David Warner, the Australia opening batsman, accepted that it was “bizarre” to play an Australia v England encounter without fans in the stadium but felt nice to not get abuse for the first time in the country.
Warner was repeatedly reminded of his part in the infamous Sandpaper gate ball-tampering scandal in South Africa in 2018 during the ODI World Cup and the Ashes last year, but with no fan presence in the stadium due to Covid-19 regulations, he was relieved to have received no abuse.
— Wisden (@WisdenCricket) September 4, 2020
“It was the first time I’ve been here and not got abuse,” Warner said after the two-run defeat in the first of the three-T20I series. “It was quite nice.”
When quizzed whether the encounter felt like a typical England-Australia encounter, Warner said: “From a crowd perspective, no. It was a bit bizarre. You get that up and going (from the crowd).
“That’s why we love playing home and away. There’s home advantage and away advantage. But we’re always up for international cricket. We’re just grateful to be back playing and want to make the most of that.”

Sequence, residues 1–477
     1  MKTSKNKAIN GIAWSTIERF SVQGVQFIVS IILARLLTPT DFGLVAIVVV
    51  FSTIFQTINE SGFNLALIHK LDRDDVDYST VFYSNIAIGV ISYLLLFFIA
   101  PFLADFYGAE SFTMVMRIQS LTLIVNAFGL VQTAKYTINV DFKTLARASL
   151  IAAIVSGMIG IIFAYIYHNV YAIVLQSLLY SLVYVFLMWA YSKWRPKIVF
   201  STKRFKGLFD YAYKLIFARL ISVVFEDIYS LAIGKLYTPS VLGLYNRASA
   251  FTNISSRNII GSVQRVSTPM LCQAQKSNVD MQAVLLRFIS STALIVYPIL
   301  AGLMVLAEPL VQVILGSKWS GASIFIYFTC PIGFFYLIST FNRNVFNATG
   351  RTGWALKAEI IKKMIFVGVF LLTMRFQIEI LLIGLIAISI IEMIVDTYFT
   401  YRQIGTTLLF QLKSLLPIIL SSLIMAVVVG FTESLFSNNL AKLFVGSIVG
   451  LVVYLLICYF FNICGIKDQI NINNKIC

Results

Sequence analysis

“That is something to keep working on and that’s not the first time it’s happened.”
What do you think Australia could have done better to come out on the winning side?https://t.co/C97BultDCt
— Wisden (@WisdenCricket) September 5, 2020
Warner, 58, and captain Aaron Finch, 46, added 98 runs for the opening wicket to launch Australia’s chase of 163 in fine fashion but the middle order’s failure to cash in on the start cost them the match.
“We pride ourselves on being there at the end,” he said. “We talk about one batter being there and in, and the next guy comes in and tries to take those calculated risks – and we bat to the end. If you get a good delivery you can’t do anything about it but that’s what we pride ourselves on and that’s basically what our game is built around.”